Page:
Mysticism at the Dawn of the Modern Age
See the review of the same book by interesting-books-selector.com.
About the Author
RUDOLF STEINER (1861-1925) became a respected and well-published scientific, literary, and philosophical scholar, particularly known for his work on Goethe's scientific writings. At the beginning of the twentieth century, he began to develop his earlier philosophical principles into an approach to methodical research of psychological and spiritual phenomena. His multifaceted genius has led to innovative and holistic approaches in medicine, philosophy, religion, education (Waldorf schools), special education (the Camphill movement), economics, agriculture (biodynamics), science, architecture, and the arts (drama, speech and eurythmy). In 1924 he founded the General Anthroposophical Society, which has branches throughout the world.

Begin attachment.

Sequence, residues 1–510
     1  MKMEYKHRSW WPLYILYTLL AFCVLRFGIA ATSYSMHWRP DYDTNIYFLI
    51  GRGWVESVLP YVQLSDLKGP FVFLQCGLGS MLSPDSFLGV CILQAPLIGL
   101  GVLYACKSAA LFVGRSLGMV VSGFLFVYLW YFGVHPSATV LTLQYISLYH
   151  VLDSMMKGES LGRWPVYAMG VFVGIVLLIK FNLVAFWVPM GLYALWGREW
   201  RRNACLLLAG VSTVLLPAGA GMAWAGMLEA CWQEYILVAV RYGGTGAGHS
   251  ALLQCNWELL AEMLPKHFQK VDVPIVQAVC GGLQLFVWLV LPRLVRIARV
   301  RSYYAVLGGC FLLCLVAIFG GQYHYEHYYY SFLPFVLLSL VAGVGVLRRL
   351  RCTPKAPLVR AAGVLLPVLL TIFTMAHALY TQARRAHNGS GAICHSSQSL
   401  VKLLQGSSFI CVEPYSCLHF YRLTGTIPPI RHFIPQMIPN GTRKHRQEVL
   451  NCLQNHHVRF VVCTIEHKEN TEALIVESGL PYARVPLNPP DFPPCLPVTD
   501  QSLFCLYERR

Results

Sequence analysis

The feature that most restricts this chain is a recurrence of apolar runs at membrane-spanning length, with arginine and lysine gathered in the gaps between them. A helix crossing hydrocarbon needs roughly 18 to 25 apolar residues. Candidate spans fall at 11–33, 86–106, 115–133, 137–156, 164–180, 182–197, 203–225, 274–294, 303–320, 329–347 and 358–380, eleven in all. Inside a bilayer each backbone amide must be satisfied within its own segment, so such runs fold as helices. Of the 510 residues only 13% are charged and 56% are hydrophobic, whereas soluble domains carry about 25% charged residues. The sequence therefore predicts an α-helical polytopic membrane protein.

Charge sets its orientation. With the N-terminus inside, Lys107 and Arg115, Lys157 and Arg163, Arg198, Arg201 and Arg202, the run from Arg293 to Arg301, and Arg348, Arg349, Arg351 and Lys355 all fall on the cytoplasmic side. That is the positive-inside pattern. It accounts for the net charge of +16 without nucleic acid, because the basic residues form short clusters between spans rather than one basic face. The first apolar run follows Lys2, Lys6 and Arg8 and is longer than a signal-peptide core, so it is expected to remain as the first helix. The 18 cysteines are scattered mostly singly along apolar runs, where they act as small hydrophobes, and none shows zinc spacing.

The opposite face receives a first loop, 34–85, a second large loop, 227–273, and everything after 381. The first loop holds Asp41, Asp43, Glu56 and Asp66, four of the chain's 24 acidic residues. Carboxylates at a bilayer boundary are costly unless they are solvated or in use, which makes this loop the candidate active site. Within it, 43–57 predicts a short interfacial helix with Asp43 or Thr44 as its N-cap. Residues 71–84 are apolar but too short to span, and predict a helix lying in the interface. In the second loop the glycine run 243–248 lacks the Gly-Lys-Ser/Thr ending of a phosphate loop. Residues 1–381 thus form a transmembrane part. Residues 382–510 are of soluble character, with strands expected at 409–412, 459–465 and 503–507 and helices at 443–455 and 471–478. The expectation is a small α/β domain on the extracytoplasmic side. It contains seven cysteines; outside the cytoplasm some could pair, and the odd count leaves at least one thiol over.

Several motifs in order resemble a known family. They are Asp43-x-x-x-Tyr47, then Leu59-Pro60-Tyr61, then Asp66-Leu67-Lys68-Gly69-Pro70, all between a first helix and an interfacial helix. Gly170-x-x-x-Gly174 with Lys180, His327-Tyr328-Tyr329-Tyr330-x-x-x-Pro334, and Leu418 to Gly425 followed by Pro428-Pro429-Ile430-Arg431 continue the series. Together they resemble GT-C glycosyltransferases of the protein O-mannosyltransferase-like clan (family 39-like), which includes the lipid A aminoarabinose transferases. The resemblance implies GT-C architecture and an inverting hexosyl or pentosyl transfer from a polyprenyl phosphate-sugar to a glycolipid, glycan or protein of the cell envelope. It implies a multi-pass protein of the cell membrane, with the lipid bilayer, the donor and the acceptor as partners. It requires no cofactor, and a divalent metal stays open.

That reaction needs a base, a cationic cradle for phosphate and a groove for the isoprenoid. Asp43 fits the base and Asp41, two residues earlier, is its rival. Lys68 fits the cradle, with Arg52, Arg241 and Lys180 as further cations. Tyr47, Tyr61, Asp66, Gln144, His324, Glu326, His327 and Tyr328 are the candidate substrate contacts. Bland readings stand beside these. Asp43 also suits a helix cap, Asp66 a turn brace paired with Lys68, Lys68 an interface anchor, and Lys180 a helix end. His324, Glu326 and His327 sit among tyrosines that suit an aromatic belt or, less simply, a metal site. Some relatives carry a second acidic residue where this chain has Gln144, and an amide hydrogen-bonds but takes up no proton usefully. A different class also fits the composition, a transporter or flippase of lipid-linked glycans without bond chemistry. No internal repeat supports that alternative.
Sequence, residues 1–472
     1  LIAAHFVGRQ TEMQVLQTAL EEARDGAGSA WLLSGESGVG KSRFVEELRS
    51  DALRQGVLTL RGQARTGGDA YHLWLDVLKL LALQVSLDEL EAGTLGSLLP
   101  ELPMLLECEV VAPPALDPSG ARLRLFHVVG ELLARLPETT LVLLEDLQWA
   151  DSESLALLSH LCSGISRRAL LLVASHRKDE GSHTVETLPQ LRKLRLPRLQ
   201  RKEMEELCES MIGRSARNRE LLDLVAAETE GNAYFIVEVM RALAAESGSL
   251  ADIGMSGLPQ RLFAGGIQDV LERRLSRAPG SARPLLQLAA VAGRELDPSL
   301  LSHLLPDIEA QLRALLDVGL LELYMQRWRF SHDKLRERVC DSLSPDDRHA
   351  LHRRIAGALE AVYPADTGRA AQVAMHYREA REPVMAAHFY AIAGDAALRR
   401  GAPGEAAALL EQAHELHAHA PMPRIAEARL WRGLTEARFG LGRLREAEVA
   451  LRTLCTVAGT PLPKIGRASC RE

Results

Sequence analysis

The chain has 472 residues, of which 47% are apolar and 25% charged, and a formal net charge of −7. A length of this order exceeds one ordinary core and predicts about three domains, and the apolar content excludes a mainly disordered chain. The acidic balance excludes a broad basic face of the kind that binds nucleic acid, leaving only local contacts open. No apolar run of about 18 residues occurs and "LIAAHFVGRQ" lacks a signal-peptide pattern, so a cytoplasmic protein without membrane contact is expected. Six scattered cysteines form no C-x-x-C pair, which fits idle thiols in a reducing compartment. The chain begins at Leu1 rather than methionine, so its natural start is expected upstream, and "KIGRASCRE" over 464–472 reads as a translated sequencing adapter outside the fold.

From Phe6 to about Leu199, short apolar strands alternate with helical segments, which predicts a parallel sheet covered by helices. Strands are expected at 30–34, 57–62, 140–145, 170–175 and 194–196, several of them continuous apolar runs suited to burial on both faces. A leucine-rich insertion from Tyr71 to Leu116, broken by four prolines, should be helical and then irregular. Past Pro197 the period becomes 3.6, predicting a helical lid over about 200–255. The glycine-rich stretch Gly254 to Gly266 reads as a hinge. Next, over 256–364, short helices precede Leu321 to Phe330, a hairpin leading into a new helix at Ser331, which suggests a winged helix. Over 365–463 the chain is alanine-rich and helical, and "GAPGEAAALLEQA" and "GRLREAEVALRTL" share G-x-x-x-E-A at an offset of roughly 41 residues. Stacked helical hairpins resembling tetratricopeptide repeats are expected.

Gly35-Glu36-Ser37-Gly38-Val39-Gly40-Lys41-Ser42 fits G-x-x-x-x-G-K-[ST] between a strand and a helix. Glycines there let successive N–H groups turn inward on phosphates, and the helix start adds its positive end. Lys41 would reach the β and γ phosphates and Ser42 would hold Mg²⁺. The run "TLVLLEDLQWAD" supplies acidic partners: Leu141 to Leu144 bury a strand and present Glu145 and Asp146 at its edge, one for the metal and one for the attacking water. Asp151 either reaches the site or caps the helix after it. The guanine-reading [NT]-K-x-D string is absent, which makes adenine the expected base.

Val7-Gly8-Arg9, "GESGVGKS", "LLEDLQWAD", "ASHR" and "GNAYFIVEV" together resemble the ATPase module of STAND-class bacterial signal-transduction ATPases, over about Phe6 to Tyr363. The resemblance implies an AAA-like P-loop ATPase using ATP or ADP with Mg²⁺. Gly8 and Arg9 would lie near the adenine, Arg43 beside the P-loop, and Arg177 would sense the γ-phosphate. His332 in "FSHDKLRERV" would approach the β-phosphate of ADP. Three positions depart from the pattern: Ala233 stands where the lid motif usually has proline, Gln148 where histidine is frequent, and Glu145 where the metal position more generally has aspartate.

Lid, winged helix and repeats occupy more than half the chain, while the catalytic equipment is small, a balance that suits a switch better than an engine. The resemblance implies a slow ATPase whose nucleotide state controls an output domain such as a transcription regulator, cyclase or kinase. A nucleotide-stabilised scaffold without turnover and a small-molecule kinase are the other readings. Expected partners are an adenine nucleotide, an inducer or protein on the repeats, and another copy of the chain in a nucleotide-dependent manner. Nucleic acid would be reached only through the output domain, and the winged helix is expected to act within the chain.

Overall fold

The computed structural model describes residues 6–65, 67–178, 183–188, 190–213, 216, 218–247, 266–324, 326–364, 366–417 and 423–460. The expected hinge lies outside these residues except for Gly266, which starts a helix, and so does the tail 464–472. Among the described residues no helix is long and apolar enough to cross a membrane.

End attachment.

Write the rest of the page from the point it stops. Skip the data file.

This book originated in lectures Steiner gave to a small circle of theosophists and constitutes the earliest public exposition of his spiritual scientific research. In it Steiner deals with the impact of modern scientific thinking on our spiritual experiences and the conflict between reason and revelation. He looks at how eleven European mystics resolved the dichotomy between their inner spiritual perceptions and the age of invention and discovery then coming to birth.